Emergency medicine residents Drs. Josh MacNeil, Heather Flemming, Raphael Panais and Jason Emsley work through a ski accident simulation exercise at the Sim Bay at the QEII’s Charles V. Keating Emergency and Trauma Centre.  (Contributed)
Medical student Nada Ismaiel and Drs. David MacDonald, Joshua Gillis and Michael Vargo take part in a simulation exercise using a mannequin at the Atlantic Health Training and Simulation Centre at the QEII. (Contributed)
Dr. Babar Haroon teaches Drs. Chinyere Iwuala and Bader Alamri ultrasound guided central line placement technique on a task trainer at the Skills Centre for Health Sciences. (AMac Photography)
An ophthalmology resident practices cataract surgery on the EyeSi simulator. Cataract and retinal surgery is extremely delicate and precise so it is very important that the residents have a place to practice and make mistakes with no harm to patients. (Contributed)
Dr. John Igoe teaches Dr. Matthew Miles how to perform a paracentesis on a clinical grade cadaver as Dr. Joshua Green observes. Paracentesis is a procedure to remove fluid that has collected in the belly as a result of infection, inflammation, injury or other conditions such as cirrhosis or cancer. (AMac Photography)
Trainees use the laparoscopic surgery simulators to gain hand eye coordination or do complex procedures like gall bladder surgery or laparoscopic suturing on tissue. (Contributed)
Dr. Alison Rodger teaches Dr. Aimee Noël how to perform a lumbar puncture on a task trainer as Dr. Heather Mackenzie observes. A procedure to collect and examine the fluid surrounding the brain and spinal cord, a lumbar puncture is used to test for and diagnose conditions such as meningitis, inflammation, cancer and Multiple Sclerosis. (AMac Photography)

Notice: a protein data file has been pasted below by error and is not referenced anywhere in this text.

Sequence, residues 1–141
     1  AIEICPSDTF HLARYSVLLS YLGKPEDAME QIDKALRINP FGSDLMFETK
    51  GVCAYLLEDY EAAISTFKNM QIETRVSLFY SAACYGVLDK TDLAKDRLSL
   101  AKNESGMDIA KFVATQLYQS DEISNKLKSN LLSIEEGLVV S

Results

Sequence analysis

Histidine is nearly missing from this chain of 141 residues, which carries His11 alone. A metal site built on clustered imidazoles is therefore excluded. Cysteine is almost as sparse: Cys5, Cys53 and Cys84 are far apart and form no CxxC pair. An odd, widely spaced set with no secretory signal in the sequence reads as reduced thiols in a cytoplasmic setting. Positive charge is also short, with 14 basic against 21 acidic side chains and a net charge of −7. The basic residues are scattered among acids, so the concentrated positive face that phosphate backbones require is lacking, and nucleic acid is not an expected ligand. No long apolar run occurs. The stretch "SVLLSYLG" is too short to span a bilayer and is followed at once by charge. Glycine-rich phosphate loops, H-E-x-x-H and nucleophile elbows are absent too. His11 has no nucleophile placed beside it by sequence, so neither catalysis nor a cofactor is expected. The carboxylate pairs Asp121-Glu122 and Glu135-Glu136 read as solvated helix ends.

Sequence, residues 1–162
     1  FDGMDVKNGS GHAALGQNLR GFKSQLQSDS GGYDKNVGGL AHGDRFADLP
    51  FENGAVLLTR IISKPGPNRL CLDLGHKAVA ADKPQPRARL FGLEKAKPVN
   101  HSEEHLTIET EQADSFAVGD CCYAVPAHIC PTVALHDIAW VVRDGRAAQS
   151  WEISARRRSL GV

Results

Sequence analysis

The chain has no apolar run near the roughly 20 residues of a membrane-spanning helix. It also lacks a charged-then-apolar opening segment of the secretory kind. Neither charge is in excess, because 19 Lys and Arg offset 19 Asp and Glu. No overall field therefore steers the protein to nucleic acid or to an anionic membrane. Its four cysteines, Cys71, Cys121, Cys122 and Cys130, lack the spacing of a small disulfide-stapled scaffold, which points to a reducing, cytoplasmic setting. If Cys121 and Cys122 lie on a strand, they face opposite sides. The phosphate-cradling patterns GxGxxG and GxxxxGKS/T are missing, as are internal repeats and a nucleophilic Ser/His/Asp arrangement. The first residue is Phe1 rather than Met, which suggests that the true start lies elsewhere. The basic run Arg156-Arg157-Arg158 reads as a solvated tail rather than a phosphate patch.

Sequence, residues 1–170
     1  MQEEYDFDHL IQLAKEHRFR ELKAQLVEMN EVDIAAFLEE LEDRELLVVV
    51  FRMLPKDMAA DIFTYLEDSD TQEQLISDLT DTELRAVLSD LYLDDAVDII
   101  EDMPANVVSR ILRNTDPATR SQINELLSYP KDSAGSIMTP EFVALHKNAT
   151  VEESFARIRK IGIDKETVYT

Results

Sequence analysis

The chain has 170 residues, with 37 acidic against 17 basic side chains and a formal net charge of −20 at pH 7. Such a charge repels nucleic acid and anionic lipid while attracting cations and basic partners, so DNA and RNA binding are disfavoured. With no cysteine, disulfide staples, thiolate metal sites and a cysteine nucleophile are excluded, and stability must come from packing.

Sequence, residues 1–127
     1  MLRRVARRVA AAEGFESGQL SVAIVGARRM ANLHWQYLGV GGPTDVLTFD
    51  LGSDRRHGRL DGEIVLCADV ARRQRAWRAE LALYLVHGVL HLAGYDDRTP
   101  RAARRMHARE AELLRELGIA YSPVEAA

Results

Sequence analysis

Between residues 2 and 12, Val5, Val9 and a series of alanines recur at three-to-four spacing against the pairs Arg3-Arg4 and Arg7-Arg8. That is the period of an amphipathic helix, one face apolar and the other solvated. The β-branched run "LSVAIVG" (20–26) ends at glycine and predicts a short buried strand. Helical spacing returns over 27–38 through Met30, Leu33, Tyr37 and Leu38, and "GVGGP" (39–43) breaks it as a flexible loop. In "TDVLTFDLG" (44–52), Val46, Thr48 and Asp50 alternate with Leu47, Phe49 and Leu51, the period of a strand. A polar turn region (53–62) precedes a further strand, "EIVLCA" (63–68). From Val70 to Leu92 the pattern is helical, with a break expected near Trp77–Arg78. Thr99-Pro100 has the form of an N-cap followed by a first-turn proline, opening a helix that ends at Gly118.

Participants in the third annual Canadian Neurosurgery Rookie Camp gather outside the Skills Centre for Health Sciences at the QEII’s Bethune Building. The two-day education and training session for national neurosurgery residents was established in 2012 by Dr. David Clarke, Director of the Rookie Camp and Head and District Chief of the Division of Neurosurgery. The QEII is home to Atlantic Canada’s only neurosurgery residency training program. (Fairfield Creative)

Simulation is a technique of modeling real-life situations to provide training in an interactive environment. Participants are able to rehearse scenarios and refine skills, without risk, so they are better prepared for actual experiences. It is also a valuable way to refine problem-solving and decision-making abilities along with interpersonal, communication and teamwork skills. As the largest teaching hospital and academic health sciences centre in Atlantic Canada, the QEII is investing in simulation-based learning for the over 4,000 trainees using simulation facilities at the health centre each year.

The QEII has passionate staff and enthusiastic instructors using its three simulation facilities including:

Atlantic Health Training and Simulation Centre, or Sim Centre, located in the QEII’s Centennial Building, VG site, and involves mannequin-based simulators, a debriefing room and control room;

Skills Centre for Health Sciences at the QEII’s Bethune Building, VG site, giving trainees and professionals a place to learn and practice surgical techniques; and

Emergency Medicine Simulation Bay, or Sim Bay, at the QEII’s Charles V. Keating Emergency and Trauma Centre at the HI site that mirrors a trauma room.

The QEII Foundation is raising funds to transform the current structure into a robust, thriving network of top-notch facilities. To be part of the future of learning, please contact the QEII Foundation at 902 473 7932 or visit QE2Foundation.ca.